Monday, November 28, 2011
Multidisciplinary Institute Forms Infrastructure for Turning Basic Science into New Therapies
University of Maryland School of Medicine Dean E. Albert Reece, M.D., Ph.D., M.B.A., has established a new Clinical and Translational Sciences Institute (CTSI) to foster the translation of fundamental science to patient care and community health.
The institute is a unique umbrella organization that creates a multidisciplinary infrastructure to facilitate the rapid advancement of basic science research discoveries into novel therapies to treat and prevent serious chronic conditions and improve human health. Its research and education efforts will particularly target health disparities among underserved populations in Baltimore and beyond.
“We hope that this groundbreaking new research institute will expand collaboration across the University System of Maryland and the University of Maryland Medical System, transforming our research and clinical enterprise and allowing us to make a quantum leap in our ability to conduct translational science,” says Dean Reece, who is also vice president for medical affairs for the University of Maryland and John Z. and Akiko K. Bowers Distinguished Professor at the University of Maryland School of Medicine.
“The CTSI will harvest the richness of our university centers, institutes, programs and hospitals to create a multidimensional, multidisciplinary research infrastructure to integrate clinical and translational science,” adds Dean Reece. “Under the institute, basic science research will develop rapidly into novel therapies that can prevent the occurrence of common chronic diseases prevalent in our region, our country, and around the world.”
The new institute will be led by co-directors Alan R. Shuldiner, M.D., and Stephen Davis, M.B.B.S. Dr. Shuldiner is the John L. Whitehurst Professor of Medicine and associate dean for Personalized and Genomic Medicine at the University of Maryland School of Medicine. Dr. Davis is the Dr. Theodore E. Woodward Professor and Chair of the Department of Medicine.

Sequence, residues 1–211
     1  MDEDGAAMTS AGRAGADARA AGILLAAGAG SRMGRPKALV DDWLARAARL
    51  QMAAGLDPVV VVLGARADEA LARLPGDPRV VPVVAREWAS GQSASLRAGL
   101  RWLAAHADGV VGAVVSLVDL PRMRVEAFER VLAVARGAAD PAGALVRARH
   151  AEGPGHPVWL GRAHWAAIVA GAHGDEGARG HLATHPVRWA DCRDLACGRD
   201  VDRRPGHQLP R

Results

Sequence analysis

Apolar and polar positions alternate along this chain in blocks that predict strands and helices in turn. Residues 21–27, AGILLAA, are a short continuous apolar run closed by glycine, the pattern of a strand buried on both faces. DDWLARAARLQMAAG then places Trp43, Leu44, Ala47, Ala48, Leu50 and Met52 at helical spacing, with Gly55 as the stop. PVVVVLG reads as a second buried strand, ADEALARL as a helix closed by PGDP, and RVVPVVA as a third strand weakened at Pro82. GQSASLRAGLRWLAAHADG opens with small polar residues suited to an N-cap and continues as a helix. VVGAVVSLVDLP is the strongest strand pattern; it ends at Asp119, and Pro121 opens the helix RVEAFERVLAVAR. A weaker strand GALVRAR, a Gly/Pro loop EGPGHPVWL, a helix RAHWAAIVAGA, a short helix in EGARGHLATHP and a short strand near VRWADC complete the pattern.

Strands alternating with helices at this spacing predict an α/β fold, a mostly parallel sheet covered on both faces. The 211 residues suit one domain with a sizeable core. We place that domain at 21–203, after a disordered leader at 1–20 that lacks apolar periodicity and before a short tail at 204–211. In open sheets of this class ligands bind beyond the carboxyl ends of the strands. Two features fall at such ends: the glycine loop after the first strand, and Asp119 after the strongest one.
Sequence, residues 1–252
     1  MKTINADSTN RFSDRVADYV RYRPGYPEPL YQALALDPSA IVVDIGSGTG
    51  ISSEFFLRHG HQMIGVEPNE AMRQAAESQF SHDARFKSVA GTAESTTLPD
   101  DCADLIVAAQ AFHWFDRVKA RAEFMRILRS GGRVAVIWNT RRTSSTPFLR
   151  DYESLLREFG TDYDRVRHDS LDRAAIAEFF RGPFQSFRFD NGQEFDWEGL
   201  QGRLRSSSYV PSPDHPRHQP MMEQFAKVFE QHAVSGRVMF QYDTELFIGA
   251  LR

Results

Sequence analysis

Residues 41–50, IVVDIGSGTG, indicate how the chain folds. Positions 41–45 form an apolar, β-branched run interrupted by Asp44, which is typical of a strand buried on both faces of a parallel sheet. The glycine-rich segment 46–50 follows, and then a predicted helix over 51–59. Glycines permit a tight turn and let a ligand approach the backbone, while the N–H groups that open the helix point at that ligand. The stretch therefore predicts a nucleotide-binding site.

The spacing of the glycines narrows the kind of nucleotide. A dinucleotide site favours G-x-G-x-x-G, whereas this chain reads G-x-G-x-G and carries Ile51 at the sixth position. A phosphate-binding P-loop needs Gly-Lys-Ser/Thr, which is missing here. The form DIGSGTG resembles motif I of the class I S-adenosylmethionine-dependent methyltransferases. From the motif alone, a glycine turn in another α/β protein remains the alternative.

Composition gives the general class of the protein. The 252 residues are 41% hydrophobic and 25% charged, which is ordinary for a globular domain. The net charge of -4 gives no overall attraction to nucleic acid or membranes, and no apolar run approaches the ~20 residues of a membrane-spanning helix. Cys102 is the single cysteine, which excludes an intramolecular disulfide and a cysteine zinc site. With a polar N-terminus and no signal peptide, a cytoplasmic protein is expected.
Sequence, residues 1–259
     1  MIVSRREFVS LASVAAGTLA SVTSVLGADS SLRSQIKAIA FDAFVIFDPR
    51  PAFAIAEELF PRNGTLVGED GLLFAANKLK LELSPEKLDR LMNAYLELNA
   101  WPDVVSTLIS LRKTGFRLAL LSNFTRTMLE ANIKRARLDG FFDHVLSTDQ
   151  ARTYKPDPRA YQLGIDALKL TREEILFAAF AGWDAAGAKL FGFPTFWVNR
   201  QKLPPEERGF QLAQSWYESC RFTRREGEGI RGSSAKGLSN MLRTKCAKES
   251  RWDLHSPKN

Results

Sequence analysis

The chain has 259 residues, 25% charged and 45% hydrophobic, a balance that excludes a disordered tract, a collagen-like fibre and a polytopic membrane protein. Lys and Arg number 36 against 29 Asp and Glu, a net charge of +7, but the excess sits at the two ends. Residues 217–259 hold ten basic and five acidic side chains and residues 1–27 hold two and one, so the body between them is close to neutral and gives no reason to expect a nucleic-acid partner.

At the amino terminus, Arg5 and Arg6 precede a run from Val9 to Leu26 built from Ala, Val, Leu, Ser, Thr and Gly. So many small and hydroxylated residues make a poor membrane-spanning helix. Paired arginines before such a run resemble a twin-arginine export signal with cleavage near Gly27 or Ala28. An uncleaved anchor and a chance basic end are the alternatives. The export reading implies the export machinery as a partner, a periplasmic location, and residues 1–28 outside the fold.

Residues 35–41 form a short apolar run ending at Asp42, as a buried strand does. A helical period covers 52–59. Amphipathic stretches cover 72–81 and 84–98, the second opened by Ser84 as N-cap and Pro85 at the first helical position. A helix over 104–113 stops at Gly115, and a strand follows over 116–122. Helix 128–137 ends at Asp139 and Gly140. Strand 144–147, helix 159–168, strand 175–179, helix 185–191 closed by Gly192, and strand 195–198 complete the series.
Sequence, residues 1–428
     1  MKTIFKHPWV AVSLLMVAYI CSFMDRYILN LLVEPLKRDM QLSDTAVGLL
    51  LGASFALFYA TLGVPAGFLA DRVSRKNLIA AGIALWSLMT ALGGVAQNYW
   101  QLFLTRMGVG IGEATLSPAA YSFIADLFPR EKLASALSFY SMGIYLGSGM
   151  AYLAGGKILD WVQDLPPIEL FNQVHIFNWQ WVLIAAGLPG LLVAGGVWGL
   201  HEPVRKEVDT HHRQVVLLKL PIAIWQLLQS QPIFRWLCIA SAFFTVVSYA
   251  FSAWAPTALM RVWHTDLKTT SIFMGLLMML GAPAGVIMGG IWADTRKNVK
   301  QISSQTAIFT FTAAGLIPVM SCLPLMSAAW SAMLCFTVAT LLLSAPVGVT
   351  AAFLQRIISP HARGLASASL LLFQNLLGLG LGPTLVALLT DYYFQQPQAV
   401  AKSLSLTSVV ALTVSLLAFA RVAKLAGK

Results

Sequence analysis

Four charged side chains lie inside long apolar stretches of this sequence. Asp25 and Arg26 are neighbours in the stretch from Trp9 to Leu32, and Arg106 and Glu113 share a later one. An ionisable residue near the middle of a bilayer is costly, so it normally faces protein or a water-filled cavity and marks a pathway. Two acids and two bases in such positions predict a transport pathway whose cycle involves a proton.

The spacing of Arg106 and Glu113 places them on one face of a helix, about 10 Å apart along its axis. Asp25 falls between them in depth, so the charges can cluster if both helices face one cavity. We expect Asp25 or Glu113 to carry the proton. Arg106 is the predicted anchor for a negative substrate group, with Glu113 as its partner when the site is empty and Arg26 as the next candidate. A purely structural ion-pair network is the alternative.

The CTSI will focus on six research areas: diabetes, heart disease, cancer, infectious and inflammatory diseases, schizophrenia and head injury.
The institute will span the many disciplines at the University of Maryland School of Medicine, from clinical research in communities throughout Maryland and around the globe to the world class basic science laboratories throughout the School of Medicine, and also collaborate with the distinguished scientists in the other University of Maryland schools of dentistry, pharmacy, nursing, law and social work.
“We hope to harness the incredible expertise in translational science that exists at the School of Medicine,” says Dr. Davis. “Our mission is to create a strong infrastructure for translational research in laboratories and in the community, both in Baltimore and throughout the region. We hope to solve health problems across the human lifespan, especially addressing health care needs in underserved urban and rural populations.”
Patient and community involvement and engagement will be a crucial component to the mission of Clinical and Translational Sciences Institute. For example, Dr. Shuldiner’s research in pharmacogenomics looks at gene variants that can predict response to medications, enabling more effective and individualized drug therapy. The CTSI will connect the laboratories making such discoveries with the clinical researchers who can evaluate the findings in the community. Engaging with the community will provide opportunities for clinical researchers to recruit study volunteers and to communicate the importance of biomedical research to underserved populations.
“This is an opportunity to advance the University of Maryland to the forefront of clinical and translational research and into a new age of genome-informed clinical medicine,” says Dr. Shuldiner. “Throughout science, there are challenges to how we move discoveries made at the laboratory bench into improved patient care. This new institute will greatly accelerate that process.”